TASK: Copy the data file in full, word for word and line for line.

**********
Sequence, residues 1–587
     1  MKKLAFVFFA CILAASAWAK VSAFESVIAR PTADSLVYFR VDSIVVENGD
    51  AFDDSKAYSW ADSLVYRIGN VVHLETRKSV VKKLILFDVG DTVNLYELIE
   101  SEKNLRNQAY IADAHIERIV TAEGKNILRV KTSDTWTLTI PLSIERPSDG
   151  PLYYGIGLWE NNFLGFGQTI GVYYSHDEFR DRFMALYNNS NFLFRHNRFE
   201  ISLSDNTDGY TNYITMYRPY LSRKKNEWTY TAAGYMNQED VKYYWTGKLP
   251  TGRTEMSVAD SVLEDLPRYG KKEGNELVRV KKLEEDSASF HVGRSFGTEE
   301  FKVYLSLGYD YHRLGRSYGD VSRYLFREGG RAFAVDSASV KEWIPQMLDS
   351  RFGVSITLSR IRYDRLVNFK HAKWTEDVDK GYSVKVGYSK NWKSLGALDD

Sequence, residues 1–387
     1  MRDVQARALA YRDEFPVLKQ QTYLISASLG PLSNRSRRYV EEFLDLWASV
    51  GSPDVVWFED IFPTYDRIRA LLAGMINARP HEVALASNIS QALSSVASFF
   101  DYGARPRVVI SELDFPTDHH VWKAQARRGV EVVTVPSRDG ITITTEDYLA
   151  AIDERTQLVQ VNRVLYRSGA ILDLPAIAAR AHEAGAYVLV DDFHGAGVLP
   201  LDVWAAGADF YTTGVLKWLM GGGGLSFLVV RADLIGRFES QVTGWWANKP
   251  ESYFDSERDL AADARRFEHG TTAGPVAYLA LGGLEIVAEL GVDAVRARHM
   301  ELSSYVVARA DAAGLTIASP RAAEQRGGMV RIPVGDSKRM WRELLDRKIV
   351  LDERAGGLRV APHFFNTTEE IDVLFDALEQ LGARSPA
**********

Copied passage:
Sequence, residues 1–587
     1  MKKLAFVFFA CILAASAWAK VSAFESVIAR PTADSLVYFR VDSIVVENGD
    51  AFDDSKAYSW ADSLVYRIGN VVHLETRKSV VKKLILFDVG DTVNLYELIE
   101  SEKNLRNQAY IADAHIERIV TAEGKNILRV KTSDTWTLTI PLSIERPSDG
   151  PLYYGIGLWE NNFLGFGQTI GVYYSHDEFR DRFMALYNNS NFLFRHNRFE
   201  ISLSDNTDGY TNYITMYRPY LSRKKNEWTY TAAGYMNQED VKYYWTGKLP
   251  TGRTEMSVAD SVLEDLPRYG KKEGNELVRV KKLEEDSASF HVGRSFGTEE
   301  FKVYLSLGYD YHRLGRSYGD VSRYLFREGG RAFAVDSASV KEWIPQMLDS
   351  RFGVSITLSR IRYDRLVNFK HAKWTEDVDK GYSVKVGYSK NWKSLGALDD

Sequence, residues 1–387
     1  MRDVQARALA YRDEFPVLKQ QTYLISASLG PLSNRSRRYV EEFLDLWASV
    51  GSPDVVWFED IFPTYDRIRA LLAGMINARP HEVALASNIS QALSSVASFF
   101  DYGARPRVVI SELDFPTDHH VWKAQARRGV EVVTVPSRDG ITITTEDYLA
   151  AIDERTQLVQ VNRVLYRSGA ILDLPAIAAR AHEAGAYVLV DDFHGAGVLP
   201  LDVWAAGADF YTTGVLKWLM GGGGLSFLVV RADLIGRFES QVTGWWANKP
   251  ESYFDSERDL AADARRFEHG TTAGPVAYLA LGGLEIVAEL GVDAVRARHM
   301  ELSSYVVARA DAAGLTIASP RAAEQRGGMV RIPVGDSKRM WRELLDRKIV
   351  LDERAGGLRV APHFFNTTEE IDVLFDALEQ LGARSPA